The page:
SAN FRANCISCO (KGO) -- In this edition of Consumer Catch-Up, metal legends Metallica warn their fans of impostors pretending to stream their new album to lure them into a cryptocurrency scam, and investment app Robinhood announces new retirement accounts for customers.
Metallica warns fans about fake livestreams and crypto scams
Metallica recently announced a new album and world tour - and scammers are trying to profit off fans' excitement.
Metallica took to Facebook Monday to warn followers of fake YouTube livestreams that use a QR code to link unsuspecting fans to phony cryptocurrency giveaways. "In the wake of last week's exciting news of our new song, new album, and new tour, unfortunately the ugly side of social media made an appearance," wrote the band in a post.
The YouTube videos purport to be new interviews with the band, with full plays of the upcoming album "72 Seasons," due out next April. However the interviews use old footage taken from promotions in 2020 and 2021, and promote fake "Metallica Crypto giveaways."
The band noted that all of their social media accounts are verified, and urged fans to double-check the name of any channel or account offering Metallica content to ensure they're not being taken in by an impostor.
Investment app Robinhood announces launch of retirement accounts on platform
Robinhood, the investment and crypto trading app, has announced a new product on its platform: Individual Retirement Accounts, better known as IRAs.
While IRAs have long been a common way for folks to put money away for their older age, this is the first time Robinhood has forayed into retirement investing. Robinhood's CEO, Vlad Tenev, cited the fact that many younger workers don't have access to 401(k)s through their employers as a reason for the offering. "Today, you're seeing an increasing number of people doing contract work, part-time work, gig-economy work. They just don't have access. We wanted to bring that to everyone, no employer needed," said Tenev.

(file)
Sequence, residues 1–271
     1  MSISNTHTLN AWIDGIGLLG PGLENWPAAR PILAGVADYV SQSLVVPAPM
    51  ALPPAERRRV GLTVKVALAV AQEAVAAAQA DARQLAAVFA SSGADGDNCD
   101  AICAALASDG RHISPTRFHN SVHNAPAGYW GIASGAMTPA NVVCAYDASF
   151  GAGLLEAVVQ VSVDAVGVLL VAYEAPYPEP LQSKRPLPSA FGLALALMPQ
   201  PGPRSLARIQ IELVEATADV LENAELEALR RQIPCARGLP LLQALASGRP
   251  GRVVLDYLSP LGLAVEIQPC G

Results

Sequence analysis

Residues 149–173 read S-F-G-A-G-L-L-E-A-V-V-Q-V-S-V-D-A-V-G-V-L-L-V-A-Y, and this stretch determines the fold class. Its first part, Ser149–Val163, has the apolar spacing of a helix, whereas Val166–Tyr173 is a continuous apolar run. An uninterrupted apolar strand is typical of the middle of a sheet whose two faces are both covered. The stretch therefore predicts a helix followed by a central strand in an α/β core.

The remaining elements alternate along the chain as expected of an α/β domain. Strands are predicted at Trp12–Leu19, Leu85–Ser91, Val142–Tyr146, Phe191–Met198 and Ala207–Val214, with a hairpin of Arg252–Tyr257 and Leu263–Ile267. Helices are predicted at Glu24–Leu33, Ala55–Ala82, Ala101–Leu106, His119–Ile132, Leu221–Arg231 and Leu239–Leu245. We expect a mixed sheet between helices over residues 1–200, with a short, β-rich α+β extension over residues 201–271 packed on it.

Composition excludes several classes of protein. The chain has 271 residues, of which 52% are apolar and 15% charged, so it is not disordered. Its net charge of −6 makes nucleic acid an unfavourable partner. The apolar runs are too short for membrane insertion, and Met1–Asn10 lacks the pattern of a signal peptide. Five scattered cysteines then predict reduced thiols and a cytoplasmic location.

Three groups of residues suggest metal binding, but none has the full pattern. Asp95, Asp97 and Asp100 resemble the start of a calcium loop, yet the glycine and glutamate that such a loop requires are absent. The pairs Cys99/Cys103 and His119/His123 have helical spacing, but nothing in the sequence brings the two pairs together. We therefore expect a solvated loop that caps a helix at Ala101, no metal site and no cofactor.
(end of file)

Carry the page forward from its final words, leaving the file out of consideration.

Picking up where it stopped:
Robinhood is even offering 1% matching for qualifying contributions, which could mean an extra $65 in the pockets of workers under the age of 50 who contribute the maximum allowed amount to their IRA.
Early signups for the accounts start Tuesday, with full access for all beginning in January.
Google Search now uses continuous scrolling to show more results
Clicking is (almost) a thing of the past on Google Search.
Google on Monday announced they were reformatting their search engine results page, offering a "continuous scroll" instead of having users click onto further pages of results. Users will be able to scroll through the equivalent of the first six pages of results before having to click on "See more" at the bottom of the page.
Google rolled out continuous scroll for its mobile app in October 2021.
According to Google, most users view the first four pages of results for their queries.
Take a look at more stories and videos by Michael Finney and 7 On Your Side.
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